Market 543: Sprint Speciale 00681 – amazing condition

Giulietta Sprint Speciale 10120*00681, 00120*01310.  RM Sotheby’s is auctioning this car at the Duemila Ruote sale next month.  It’s not very often that I am faced with a car where I honestly can’t decide if it’s totally original, or was very well restored at some point in it’s life.  Maybe it’s the lack of wax and polish one usually expects a car about to be auctioned to have, maybe it’s the very even patina.  My gut tells me this is an original car that has maybe seen some restoration work over the years, but mostly wears an understated glow of careful care.

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Major props to the restorer if this is a restored car.  I love the tiny little marker lights the cars around this VIN had.  Stance and door shut lines look great – and even the drivers side windshield wiper arm is in a totally reasonable position.

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Market 427: Fresh off the boat SS 10120 177276

Update October 21, 2016: I feel like a bit of a secret agent when I go through posts on my site and find an old post about a car currently on the market.  This Sprint Speciale is doing time at Fantasy Junction my local emporium of rarified cars whose prices remind me I should have studied Finance rather than Engineering.  FJ has it priced at $139,500 – the going rate for SS’s on dealer showroom floors these days.  Interior and engine compartment have been extensively improved.  I’ll try and stop by in the next few days to experience the rare non-virtual impression.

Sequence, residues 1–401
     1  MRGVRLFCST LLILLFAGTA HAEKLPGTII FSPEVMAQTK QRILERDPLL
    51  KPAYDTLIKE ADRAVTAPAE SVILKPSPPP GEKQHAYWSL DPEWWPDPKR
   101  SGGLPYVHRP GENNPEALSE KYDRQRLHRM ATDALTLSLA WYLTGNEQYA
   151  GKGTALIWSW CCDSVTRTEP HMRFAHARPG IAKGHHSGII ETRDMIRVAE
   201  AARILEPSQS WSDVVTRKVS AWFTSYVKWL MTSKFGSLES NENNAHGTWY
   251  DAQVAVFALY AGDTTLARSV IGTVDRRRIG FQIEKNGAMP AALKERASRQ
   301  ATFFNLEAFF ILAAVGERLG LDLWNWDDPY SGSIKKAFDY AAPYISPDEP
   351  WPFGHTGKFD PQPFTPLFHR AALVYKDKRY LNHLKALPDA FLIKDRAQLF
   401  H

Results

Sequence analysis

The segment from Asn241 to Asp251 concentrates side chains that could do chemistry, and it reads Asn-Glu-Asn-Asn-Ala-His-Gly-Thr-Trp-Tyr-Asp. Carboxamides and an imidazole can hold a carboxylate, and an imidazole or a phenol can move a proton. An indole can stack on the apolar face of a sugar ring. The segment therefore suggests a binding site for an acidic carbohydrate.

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Everyone loves a good horizon shot!  Look the reflection of the horizon along the body – a neat effect.  The left grill bar on this car looks a tiny bit droopy in every picture – not sure if it’s an illusion or what.  Looks great!

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Market 535: Giulietta SS 00246. Nice, but…

Giulietta Sprint Speciale 10120*00246.  This car is on eBay right now out of Saint Ann Missouri.  It presents very well, but has some details that have me and probably most people who know SS’s and would consider spending money on this car scratching their heads.  It’s kind of like someone who didn’t know there were two distinct versions of the SS restored it based on looking at a car that was the wrong series.  This is not to say this is a bad car in any way – and it’s not too difficult making a car this nice “correct”, but the buyer should just be aware of the liberties that were taken, or the parts book was not consulted when restoring it. Asking price is $139,900. I haven’t been paying too much attention to live auctions, so I can’t say where this falls in today’s price spectrum.

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I like the little slice of gentlemans study they have it sitting in. It’s hard to tell in this picture but this car has Giulia SS badges rather than Giulietta. Like i said, not terrible to fix. Paint looks phenomenal in the pictures, but I would want to see it in person before I bought it. Panel fit, trim fit and everything else looks great.
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Market 525: SS 177202 at Artcurial

Giulietta Sprint Speciale 10120*177202, 00120*00850.  This SS failed to sell at Artcurial on November 1 2015.  Estimate was 105,000 – 120,000 Euro’s.  Not terrifically high or low, so likely there just wasn’t anyone inclined to buy one on that particular day.  You have to wonder how many SS buyers there are in the world for an SS at this price, especially considering how many nicely restored cars keep coming to market such as this one.